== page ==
With one of the lowest tax-to-gross domestic product (or GDP) ratios in the world, the Government of Bangladesh is constrained in what it can spend on health.  Currently, Bangladesh spends just 0.8 percent of its GDP (or less than $10 per person per year) on health, well below the already-low South Asia regional average of 1.3 percent.  The share of Bangladesh’s national budget allocated to health (5.13 percent in 2014) falls far behind regional and global standards.  Sixty-three percent of total health expenditures are borne by the patient out of his or her pocket, driving an estimated 3.5 percent of the population into poverty.

Bangladesh has a reasonably good network of health care facilities – most recently expanding the network of community based clinics. But it still suffers from a shortage and distribution of qualified health workers.  Moreover, the health sector is overly centralized with weak accountability mechanisms and regulatory frameworks for working with the large private and non-profit sectors.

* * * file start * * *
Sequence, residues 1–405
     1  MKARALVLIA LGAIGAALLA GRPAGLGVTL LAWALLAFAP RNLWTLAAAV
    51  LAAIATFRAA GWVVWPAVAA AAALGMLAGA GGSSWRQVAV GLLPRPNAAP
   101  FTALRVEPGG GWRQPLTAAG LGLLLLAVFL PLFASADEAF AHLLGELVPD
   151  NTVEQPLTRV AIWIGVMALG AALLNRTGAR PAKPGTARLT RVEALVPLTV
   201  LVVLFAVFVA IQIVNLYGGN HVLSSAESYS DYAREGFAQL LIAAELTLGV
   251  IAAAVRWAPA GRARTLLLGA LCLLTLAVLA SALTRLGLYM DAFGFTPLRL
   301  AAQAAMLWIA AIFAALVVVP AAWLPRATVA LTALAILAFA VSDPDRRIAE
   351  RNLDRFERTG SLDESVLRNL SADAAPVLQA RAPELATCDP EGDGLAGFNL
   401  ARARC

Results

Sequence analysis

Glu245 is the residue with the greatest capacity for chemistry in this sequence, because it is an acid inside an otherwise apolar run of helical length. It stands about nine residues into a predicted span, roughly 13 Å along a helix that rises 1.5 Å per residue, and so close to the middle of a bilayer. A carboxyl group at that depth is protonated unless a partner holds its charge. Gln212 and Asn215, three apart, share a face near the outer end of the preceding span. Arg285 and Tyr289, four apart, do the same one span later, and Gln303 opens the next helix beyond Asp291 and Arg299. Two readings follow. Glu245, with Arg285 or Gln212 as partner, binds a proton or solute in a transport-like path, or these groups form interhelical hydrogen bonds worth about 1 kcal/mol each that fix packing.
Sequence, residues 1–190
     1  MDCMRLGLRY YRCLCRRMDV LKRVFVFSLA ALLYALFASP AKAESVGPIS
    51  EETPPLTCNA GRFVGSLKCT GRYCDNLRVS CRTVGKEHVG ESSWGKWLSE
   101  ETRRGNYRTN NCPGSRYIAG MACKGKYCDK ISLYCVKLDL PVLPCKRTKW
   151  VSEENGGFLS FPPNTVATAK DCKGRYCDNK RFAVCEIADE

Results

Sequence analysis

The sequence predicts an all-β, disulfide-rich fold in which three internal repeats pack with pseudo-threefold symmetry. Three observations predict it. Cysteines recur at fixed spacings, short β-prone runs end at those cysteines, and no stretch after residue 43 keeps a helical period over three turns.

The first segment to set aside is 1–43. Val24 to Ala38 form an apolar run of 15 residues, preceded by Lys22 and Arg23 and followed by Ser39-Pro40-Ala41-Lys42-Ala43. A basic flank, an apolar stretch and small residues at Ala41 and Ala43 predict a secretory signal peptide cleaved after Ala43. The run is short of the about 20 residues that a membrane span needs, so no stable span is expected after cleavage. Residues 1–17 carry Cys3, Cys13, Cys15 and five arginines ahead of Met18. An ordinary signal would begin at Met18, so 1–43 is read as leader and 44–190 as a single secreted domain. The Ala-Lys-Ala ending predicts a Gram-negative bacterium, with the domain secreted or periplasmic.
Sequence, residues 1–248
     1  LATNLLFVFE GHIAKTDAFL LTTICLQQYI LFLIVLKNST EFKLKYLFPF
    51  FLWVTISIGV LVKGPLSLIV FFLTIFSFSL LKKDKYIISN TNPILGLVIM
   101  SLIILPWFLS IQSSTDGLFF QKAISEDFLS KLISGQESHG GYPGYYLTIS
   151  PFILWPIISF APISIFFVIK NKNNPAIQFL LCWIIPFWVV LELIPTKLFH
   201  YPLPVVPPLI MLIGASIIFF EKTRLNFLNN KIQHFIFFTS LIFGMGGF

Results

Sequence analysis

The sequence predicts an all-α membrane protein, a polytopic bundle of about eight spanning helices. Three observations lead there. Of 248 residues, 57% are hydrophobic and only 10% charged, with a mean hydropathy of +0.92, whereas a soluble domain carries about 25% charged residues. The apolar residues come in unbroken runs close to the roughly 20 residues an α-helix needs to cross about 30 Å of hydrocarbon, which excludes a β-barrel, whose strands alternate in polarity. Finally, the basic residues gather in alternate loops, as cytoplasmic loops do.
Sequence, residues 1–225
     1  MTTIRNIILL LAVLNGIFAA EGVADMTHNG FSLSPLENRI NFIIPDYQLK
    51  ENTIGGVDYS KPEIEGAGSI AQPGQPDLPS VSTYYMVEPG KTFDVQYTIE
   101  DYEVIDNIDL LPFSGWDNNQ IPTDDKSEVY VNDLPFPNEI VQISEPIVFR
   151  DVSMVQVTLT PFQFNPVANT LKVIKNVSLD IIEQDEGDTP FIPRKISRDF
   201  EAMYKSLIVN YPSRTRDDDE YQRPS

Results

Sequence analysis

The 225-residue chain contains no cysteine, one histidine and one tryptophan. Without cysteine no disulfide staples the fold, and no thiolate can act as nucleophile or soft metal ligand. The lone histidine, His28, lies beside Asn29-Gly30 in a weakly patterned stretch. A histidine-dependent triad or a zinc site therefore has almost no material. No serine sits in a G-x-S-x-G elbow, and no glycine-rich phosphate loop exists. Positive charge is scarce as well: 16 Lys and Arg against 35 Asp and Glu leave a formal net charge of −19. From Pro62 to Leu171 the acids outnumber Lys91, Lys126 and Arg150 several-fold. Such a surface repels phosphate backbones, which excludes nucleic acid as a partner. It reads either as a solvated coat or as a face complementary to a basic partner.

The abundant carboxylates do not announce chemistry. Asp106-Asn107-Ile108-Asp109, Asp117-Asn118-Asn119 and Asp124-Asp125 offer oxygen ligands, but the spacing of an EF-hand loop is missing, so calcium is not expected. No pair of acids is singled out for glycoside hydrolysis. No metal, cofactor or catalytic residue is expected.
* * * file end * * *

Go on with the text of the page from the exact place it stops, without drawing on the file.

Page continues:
There are strong disparities between rich and poor and for girls and women regarding health outcomes and health care utilization.  While Bangladesh’s health system attempts to meet the increasing demand for more and better quality health services, it struggles to meet the changing health needs -- a rising tide of non-communicable diseases, rapid urbanization and climate change. 

For example, the problem of saline intrusion into drinking water held back maternal health progress and is likely to be further exacerbated by climate change. In the last 35 years, salinity in the country’s drinking water has increased by 26 percent, putting the 40 million people who live in coastal Bangladesh in danger.


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Bangladesh has recorded a 29 percent reduction in under-five child mortality, down to 46 deaths per 1,000 live births in 2014 from 65 deaths in 2007.

Photo Credit: World Bank

Solutions – Investments to achieve universal health coverage

The Government of Bangladesh has a Health, Nutrition and Population (HNP) Sector Development Program, which laid out the countrywide health strategy for 2011 to 2016. The World Bank finances a portion of the $7.7 billion program, along with eight international development partners, with nearly $889 million in a sector-wide approach (or SWAp) – one of the largest health operations in the world.